Median of weights (typically exposure time) of pixels observed by HST

In addition, some keywords typically found in standard pipeline product headers or the headers of SVM mosaics have been removed from the headers of MVM products. These deleted keywords can be found in the HDRTAB extension for each of the input exposures, but make no sense for MVM products. One example would be the ‘IPPPSSOO’ keyword which gives the ‘ipppssoo’ value for a single exposure or association product the input exposures had, yet MVM mosaics consist of multiple inputs with many different values of ‘ipppssoo’. The full list of keywords which were removed can be found in the HISTORY keywords of the MVM product PRIMARY header where the rules file used for defining the MVM headers gets reported.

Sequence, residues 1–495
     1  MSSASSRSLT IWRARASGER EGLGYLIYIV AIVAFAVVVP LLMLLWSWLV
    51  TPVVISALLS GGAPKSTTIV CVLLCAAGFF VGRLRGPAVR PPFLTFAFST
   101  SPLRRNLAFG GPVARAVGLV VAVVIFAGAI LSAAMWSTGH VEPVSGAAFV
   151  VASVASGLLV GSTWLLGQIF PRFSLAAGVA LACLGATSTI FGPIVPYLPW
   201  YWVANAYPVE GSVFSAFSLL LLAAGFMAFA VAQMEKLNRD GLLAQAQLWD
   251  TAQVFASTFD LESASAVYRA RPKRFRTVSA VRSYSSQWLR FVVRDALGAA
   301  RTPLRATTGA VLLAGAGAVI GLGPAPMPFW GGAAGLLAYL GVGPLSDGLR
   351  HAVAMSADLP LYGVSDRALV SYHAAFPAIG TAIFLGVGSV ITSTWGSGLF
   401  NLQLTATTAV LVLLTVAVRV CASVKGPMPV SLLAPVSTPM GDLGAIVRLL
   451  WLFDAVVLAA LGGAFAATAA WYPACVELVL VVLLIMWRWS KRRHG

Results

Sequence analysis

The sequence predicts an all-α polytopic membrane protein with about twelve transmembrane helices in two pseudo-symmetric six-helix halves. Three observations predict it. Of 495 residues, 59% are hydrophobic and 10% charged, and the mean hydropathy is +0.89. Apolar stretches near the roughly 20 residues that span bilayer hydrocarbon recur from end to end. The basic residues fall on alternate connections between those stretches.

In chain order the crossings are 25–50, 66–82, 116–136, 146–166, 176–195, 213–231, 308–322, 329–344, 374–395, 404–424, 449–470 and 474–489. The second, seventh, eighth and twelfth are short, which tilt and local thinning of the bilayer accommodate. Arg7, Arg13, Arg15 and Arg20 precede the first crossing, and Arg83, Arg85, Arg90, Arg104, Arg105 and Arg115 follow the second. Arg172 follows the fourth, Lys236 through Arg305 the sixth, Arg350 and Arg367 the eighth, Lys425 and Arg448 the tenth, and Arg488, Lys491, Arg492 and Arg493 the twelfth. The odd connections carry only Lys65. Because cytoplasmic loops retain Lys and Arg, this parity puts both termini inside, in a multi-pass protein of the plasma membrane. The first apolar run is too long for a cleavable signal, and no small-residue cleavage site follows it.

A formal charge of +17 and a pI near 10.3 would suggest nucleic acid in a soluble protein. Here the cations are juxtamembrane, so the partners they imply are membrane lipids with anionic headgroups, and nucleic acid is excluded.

There are a number of issues that can arise when generating SkyCell mosaics. Every effort is made during pipeline processing to minimize or avoid these issues where possible, but some mosaics are unavoidably affected by these issues.


One of the primary benefits of SkyCell mosaic image is learning how observations taken at different times and using different filters relate to each other. The mosaics all share the same pixel definitions which allow for direct comparisons of the data across all the layers of a SkyCell. However, the placement of the exposures in the SkyCell depends on how the WCS was defined for each exposure. Unfortunately, due to the objects in the field of view for an exposure or the size of the field of view of the exposure, it may not be possible to align the exposure to the same astrometric catalog as the rest of the exposures in the SkyCell. This can lead to mis-alignment between the exposures on the order of a few pixels. If this mis-aligned exposure overlaps another exposure aligned to GAIA in a SkyCell mosaic, then it can result in visible blurring or double-images in the final mosaic.